World Bank 'Doing Business' report: what does Lebanon's ranking say about the business climate?

Published October 29th, 2015 - 07:41 GMT

Lebanon’s ranking in the World Bank’s annual report Doing Business, which measures ease of doing business in 189 economies, slipped from 121 in 2014 to 123 in 2015, a sign that the country did not make any serious efforts in introducing reforms and improving the business climate.

The report gave Lebanon a score of 56.39 out of 100 over 10 categories in 2015 compared to 56.5 in 2014.

“Lebanon is among 38 countries that did not implement any reforms while the rest 151 countries made serious changes to improve their rankings,” Nassib Ghobril, head of research department at Byblos Bank, told The Daily Star.

To the contrary, Ghobril said, Lebanon complicated the procedures for registering a property by increasing the number of days for completing this task to 34.

He said that rankings of subcategories are embarrassingly low which explain the drop in Lebanon’s ranking by two notches. “The ease of getting a construction permit subcategory dropped by one spot from 129 to 130 for instance,” he added, saying that getting electricity also declined by five spots to 116.

Ghobril added that enforcing a contract also dropped by one spot to 135 with a score of 49.8 out of 100. “It takes 721 days to enforce a contract and resolve a conflict while the cost amounts to 31 percent of the claim,” he said.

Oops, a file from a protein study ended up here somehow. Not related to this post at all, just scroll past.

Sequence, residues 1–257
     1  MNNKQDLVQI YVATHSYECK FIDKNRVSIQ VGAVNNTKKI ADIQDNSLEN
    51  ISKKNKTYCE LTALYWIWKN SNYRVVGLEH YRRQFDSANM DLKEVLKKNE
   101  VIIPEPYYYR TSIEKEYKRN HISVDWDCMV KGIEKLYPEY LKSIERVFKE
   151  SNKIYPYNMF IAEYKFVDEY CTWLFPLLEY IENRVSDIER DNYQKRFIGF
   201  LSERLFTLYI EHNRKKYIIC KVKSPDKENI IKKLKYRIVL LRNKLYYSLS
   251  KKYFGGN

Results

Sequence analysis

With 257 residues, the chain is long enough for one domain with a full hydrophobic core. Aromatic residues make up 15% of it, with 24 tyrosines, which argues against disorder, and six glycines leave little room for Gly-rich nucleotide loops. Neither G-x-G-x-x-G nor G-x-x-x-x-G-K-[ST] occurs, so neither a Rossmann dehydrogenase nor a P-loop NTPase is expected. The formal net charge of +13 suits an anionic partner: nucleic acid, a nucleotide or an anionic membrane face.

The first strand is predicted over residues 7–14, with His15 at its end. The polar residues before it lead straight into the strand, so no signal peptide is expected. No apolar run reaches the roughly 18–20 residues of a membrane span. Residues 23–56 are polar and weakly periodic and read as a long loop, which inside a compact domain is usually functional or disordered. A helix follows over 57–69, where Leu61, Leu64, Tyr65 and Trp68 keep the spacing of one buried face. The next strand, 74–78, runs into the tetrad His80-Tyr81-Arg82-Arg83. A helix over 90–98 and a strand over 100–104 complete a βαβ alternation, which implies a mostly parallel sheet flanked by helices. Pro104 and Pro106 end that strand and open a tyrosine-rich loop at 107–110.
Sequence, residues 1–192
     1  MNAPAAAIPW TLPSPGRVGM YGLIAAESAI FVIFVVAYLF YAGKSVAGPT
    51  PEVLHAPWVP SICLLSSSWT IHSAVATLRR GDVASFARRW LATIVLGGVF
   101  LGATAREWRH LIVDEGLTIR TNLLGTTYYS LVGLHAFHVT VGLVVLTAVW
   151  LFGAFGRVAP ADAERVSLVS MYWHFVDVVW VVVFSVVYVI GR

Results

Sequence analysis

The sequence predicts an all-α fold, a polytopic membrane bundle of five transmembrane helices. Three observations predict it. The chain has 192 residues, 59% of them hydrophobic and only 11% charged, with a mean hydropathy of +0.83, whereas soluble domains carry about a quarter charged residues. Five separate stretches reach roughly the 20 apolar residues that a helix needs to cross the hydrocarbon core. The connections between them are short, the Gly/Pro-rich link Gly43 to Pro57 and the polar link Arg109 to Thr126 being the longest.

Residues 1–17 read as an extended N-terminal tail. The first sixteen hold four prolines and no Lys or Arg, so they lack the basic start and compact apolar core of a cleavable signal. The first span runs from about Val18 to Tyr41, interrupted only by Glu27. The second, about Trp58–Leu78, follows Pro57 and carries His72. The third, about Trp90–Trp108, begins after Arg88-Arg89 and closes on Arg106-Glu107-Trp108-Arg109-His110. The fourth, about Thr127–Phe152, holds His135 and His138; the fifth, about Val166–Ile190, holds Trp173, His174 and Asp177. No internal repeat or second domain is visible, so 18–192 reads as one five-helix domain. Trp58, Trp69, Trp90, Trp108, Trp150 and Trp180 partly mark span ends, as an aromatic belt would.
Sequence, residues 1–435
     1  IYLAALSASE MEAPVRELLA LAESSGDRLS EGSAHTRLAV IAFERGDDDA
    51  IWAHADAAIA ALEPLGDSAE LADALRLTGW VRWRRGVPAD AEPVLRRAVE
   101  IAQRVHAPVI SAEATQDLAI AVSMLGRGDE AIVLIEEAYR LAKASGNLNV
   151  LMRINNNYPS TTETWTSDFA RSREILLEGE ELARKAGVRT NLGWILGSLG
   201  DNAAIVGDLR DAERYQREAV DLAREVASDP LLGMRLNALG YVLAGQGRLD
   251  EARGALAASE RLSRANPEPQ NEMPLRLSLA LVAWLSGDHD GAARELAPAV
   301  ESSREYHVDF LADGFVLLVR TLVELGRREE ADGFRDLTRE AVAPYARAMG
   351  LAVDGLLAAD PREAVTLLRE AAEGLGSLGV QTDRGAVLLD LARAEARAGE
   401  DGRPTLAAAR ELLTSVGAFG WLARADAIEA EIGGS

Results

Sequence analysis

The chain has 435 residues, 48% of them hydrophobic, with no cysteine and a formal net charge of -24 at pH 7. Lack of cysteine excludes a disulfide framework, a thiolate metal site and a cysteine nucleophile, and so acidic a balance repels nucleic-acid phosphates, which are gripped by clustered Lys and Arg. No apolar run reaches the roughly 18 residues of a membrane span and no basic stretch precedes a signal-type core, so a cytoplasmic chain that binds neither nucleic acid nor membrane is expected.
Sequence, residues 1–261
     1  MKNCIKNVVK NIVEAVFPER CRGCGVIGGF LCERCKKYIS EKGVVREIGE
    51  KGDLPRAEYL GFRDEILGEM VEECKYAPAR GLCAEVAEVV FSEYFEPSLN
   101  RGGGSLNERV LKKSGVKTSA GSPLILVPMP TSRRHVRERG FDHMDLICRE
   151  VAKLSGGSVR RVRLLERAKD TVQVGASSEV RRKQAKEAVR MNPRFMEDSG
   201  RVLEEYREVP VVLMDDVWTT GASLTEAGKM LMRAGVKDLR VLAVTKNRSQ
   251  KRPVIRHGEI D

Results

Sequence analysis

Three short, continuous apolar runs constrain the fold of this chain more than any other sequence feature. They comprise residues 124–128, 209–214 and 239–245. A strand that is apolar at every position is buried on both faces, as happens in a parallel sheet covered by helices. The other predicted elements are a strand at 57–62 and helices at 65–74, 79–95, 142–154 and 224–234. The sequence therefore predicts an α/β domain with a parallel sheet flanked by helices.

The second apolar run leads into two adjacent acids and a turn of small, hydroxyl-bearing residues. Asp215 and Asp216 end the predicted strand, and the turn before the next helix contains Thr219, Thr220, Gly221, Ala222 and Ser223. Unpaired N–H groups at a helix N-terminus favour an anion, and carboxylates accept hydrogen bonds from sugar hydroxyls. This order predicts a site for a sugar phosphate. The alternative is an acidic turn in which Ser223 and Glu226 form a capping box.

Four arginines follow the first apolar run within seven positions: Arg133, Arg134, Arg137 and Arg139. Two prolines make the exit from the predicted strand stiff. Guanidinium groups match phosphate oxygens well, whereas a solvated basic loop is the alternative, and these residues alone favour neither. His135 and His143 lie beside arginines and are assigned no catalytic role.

He added that starting a business subcategory dropped by six spots to 114 while its distance to frontier is 82.7, which is very good but which means that there exists a great competition in this field among countries to improve their environment to start a business.

Ghobril said that Lebanon’s ranking is to be blamed on the lack of reforms and not on the regional conflicts. “The complications of the various procedures in Lebanon have nothing to do with regional conflicts,” he said. “Lebanon must make internal efforts in a bid to improve its business climate.”

Economists and investors have frequently complained that red tape and corruption in government departments are widespread and have urged the authorities to tackle these phenomena because they are having a bad impact on the ease of doing business in the country.

The report also added that 11 out of 20 economies in the Middle East and North Africa (55 percent) implemented at least one reform making it easier to do business in the past year, 21 in total – more than the region’s annual average of 16 reforms over the past five years.

The area with the largest number of reforms implemented by the region’s economies was Getting Electricity (4), followed by Starting a Business, Dealing with Construction Permits, and Trading across Borders (3 each). No reforms were recorded in the area of Resolving Insolvency.

The report said that Morocco and the United Arab Emirates continued to lead the region in reforms improving business regulation, with 4 each. Algeria, Oman, Tunisia, and West Bank and Gaza were the other economies in the region recording multiple reforms.

Morocco made starting a business easier by eliminating the need to file a declaration of business incorporation with the Labor Ministry. It also made registering property easier by setting up electronic communication links between various tax authorities.

As for the United Arab Emirates, it made enforcing contracts easier by implementing electronic service of process, by introducing a new case management office within the competent court, and by further developing the “Smart Petitions” service, which allows litigants to file and track motions online.

Meanwhile, Oman made the biggest improvement globally in the area of Getting Electricity, by enhancing its tracking of the duration and frequency of power outages.

Also, Saudi Arabia improved the most in Registering Property, thanks to the introduction of a new computerized system at the land registry.


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